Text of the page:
4. Donate books. The longer we do this, the more we each discover our favorite tasks to repeat. Every year, Shawn chooses to donate books to the library. We’re a family of readers; we love books. So it’s satisfying to take some we have read and enjoyed but are willing to part with and give them a new home for new readers to enjoy.

5. Create a traveling story with friends. When I was a kid, my dad and I would make up stories together. I would say a sentence or two, then he would add a bit before giving me another turn. We invited a few of our friends’ kids to help us create a traveling story by mail. Ellie kicked it off with an opening paragraph, then we sent it to our first coauthor with instructions for whom to pass it onto next. After three rounds, an amusing story rife with owls, trolls, birds, and glow-in-the-dark sheep made its way back to us.

Random acts of kindness: how we began

Toward the end of 2013, I was starting to realize that Ellie would have a lot of stuff in her life. Shawn and I were pretty sure we didn’t want more kids, and we’re both only children ourselves, which meant all the love, affection, and buying power from two sets of grandparents plus other family members would be concentrated on her.

This was especially true at Christmas, when each day brought her closer to an influx of toys to add to the pile she already had. Not wanting to deny her the pleasure of presents, I wondered if we could embrace her good fortune while also establishing a family tradition of giving back.

Every year, we hang on our wall the same fabric countdown calendar I used to anticipate my childhood Christmases. What if we borrowed the countdown idea but changed the payoff?

Starting December 1st, in addition to marking time until The Day of Many Gifts, we would think of something to do for someone else—a way to brighten their day or lighten their load. Once the holiday season ended, we would have 24 “happy tasks,” as we’ve come to call them, to complete over the next 12 months.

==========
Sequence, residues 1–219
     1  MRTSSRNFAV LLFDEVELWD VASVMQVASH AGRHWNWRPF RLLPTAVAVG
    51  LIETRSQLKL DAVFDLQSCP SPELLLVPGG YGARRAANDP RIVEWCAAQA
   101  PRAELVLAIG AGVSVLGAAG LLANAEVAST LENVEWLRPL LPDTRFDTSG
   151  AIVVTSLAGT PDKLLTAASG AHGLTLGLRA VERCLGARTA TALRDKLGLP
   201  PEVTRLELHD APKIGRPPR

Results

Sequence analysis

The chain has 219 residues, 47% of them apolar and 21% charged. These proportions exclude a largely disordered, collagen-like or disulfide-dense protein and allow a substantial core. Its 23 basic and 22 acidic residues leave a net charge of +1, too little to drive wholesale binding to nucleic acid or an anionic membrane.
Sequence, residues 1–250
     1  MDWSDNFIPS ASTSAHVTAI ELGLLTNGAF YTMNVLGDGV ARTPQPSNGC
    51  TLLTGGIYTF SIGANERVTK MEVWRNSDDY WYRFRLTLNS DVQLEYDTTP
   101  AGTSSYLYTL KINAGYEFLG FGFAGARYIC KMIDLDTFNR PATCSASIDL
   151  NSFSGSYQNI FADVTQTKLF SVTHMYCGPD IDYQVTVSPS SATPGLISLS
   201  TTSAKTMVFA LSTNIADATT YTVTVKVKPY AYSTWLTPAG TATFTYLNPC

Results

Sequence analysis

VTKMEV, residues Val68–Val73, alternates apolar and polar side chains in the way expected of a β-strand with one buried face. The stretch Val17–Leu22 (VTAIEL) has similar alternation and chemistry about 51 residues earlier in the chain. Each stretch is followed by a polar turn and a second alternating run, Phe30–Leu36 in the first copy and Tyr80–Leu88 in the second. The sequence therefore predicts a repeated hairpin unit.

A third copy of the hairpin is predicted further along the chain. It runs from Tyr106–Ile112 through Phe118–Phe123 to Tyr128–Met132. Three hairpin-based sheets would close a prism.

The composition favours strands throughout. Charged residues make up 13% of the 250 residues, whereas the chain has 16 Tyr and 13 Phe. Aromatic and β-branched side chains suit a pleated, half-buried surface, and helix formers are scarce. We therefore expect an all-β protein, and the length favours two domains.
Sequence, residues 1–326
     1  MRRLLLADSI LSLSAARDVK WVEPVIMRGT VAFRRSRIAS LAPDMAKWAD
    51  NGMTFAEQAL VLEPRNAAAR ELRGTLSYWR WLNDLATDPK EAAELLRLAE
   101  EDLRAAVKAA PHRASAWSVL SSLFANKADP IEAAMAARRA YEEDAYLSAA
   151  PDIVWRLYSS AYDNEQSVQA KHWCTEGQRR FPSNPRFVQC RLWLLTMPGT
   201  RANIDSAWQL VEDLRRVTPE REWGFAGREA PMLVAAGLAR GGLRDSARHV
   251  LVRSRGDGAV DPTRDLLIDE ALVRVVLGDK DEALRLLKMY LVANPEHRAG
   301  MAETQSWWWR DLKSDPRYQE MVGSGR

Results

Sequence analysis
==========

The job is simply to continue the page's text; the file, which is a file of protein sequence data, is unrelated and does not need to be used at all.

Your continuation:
Now, more than five years later, with nearly 100 unique random (or not so random) acts of kindness under our belts (plus many we repeat from year to year), this tradition is one of my proudest parenting accomplishments. Ellie is an active participant, coming up with her own ideas and helping execute nearly all of them, and the habits this endeavor has instilled in her shine through her actions—from leaving her money for other kids to find to wanting to donate her hair (more on that in a future post).

And because this has become a regular part of our lives, it seems only natural that it should make its way into my writing. With Dell, I proudly set her treatment in Nationwide Children’s Hospital, a recipient of many of our happy tasks. One of my new projects is a story about a 16-year-old girl named Rae, who is struggling to overcome a major loss and needs the healing power of kindness.

As part of this blog, I’ll periodically feature posts about random acts of kindness that Shawn, Ellie, and I commit—the Happy Task Series. Please check back, and feel free to take our ideas and spread some joy yourself. Leave comments too with suggestions—the world can’t have too much kindness.